University of Cambridge > > Engineering - Mechanics and Materials Seminar Series > Self-assembled active actomyosin gels spontaneously curve and wrinkle similar to biological cells and tissues

Self-assembled active actomyosin gels spontaneously curve and wrinkle similar to biological cells and tissues

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Living systems adopt a diversity of curved and highly dynamic shapes. These diverse morphologies appear on many length-scales, from cells to tissues and organismal scales. The common driving force for these dynamic shape changes are contractile stresses generated by myosin motors in the cell cytoskeleton, that converts chemical energy into mechanical work. A good understanding of how contractile stresses in the cytoskeleton arise into different 3D shapes and what are the shape selection rules that determine their final configurations is still lacking. To obtain insight into the relevant physical mechanisms, we recreate the actomyosin cytoskeleton in-vitro, with precisely controlled composition and initial geometry. A set of actomyosin gel discs, intrinsically identical but of variable initial geometry, dynamically selforganize into a family of 3D shapes, such as domes and wrinkled shapes, without the need for specific pre-programming or additional regulation. Shape deformation is driven by the spontaneous emergence of stress gradients driven by myosin and is encoded in the initial disc radius to thickness aspect ratio, which may indicate shaping scalability. Our results suggest that, while the dynamical pathways may depend on the detailed interactions between the different microscopic components within the gel, the final selected shapes obey the general theory of elastic deformations of thin sheets. Altogether, our results emphasize the importance for the emergence of active stress gradients for buckling driven shape deformations and provide novel insights on the mechanically induced spontaneous shape transitions in contractile active matter, revealing potential shared mechanisms with living systems across scales.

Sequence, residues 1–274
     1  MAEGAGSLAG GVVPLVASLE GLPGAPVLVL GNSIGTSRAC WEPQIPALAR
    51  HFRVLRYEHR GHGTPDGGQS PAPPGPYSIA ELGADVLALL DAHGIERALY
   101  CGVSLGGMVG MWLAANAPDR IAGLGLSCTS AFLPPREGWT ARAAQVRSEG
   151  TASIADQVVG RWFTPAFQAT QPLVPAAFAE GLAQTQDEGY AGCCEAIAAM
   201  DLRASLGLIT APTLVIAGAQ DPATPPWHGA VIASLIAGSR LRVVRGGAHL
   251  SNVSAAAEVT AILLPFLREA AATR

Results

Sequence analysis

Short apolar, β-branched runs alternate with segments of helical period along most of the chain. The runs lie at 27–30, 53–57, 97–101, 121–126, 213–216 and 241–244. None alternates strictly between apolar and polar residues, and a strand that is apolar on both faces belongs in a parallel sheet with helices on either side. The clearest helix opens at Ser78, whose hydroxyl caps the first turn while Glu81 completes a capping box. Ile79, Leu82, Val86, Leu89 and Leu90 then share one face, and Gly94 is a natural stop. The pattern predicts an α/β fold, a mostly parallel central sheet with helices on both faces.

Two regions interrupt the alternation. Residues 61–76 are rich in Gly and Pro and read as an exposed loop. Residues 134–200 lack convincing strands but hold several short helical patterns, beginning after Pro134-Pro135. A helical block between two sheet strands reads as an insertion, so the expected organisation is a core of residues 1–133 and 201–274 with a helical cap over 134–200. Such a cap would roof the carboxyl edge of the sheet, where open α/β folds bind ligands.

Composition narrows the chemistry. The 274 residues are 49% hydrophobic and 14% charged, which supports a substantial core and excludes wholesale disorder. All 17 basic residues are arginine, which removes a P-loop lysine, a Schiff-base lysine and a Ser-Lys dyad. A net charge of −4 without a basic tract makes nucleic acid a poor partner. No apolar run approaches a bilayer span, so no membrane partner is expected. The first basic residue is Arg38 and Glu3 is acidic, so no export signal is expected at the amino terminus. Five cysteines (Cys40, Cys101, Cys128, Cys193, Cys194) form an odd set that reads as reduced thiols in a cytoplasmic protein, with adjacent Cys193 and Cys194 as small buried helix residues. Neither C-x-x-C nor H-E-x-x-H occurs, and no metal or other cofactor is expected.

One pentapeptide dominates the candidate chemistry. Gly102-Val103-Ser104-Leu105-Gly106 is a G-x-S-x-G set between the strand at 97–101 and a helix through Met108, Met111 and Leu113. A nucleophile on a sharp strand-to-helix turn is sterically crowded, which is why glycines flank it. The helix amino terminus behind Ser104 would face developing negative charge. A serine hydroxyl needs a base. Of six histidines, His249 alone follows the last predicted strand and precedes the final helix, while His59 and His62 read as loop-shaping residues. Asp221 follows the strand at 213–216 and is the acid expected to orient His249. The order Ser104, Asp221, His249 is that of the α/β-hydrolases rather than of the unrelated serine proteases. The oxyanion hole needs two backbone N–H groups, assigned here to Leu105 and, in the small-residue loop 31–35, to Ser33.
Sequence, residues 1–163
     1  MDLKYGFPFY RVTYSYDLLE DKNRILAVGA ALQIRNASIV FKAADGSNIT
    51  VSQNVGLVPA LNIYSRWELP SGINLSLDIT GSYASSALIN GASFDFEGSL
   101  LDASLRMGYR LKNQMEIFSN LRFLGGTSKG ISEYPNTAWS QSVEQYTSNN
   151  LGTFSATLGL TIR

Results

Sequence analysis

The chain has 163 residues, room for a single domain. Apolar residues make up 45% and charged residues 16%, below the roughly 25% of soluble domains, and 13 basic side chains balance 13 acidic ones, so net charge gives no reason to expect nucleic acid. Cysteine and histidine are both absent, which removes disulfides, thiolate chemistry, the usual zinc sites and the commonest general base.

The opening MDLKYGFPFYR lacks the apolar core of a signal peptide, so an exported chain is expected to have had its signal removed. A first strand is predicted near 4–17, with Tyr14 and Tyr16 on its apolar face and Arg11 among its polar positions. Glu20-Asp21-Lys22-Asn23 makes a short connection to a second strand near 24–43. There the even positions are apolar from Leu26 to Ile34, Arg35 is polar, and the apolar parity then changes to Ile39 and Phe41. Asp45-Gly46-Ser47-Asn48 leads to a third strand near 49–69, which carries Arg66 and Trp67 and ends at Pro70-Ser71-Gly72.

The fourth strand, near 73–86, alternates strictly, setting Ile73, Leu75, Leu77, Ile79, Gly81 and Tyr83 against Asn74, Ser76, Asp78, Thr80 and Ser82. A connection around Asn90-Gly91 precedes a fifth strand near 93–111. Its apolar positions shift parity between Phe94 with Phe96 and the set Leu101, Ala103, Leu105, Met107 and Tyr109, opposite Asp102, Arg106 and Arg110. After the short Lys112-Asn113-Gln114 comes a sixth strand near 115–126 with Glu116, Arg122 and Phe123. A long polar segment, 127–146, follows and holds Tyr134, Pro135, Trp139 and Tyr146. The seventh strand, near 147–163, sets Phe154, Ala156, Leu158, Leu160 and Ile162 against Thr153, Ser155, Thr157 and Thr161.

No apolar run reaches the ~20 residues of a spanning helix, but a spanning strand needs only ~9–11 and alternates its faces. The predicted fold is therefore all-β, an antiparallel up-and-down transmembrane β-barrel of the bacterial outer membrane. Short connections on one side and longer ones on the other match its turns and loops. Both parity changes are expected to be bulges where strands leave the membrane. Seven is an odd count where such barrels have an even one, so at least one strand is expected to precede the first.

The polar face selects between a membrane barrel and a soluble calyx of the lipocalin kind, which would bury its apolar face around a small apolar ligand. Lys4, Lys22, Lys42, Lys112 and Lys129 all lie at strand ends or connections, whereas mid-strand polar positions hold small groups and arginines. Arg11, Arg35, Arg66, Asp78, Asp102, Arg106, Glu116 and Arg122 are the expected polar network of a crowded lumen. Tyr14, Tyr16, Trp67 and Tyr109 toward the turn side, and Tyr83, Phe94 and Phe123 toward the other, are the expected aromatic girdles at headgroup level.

This talk is part of the Engineering - Mechanics and Materials Seminar Series series.

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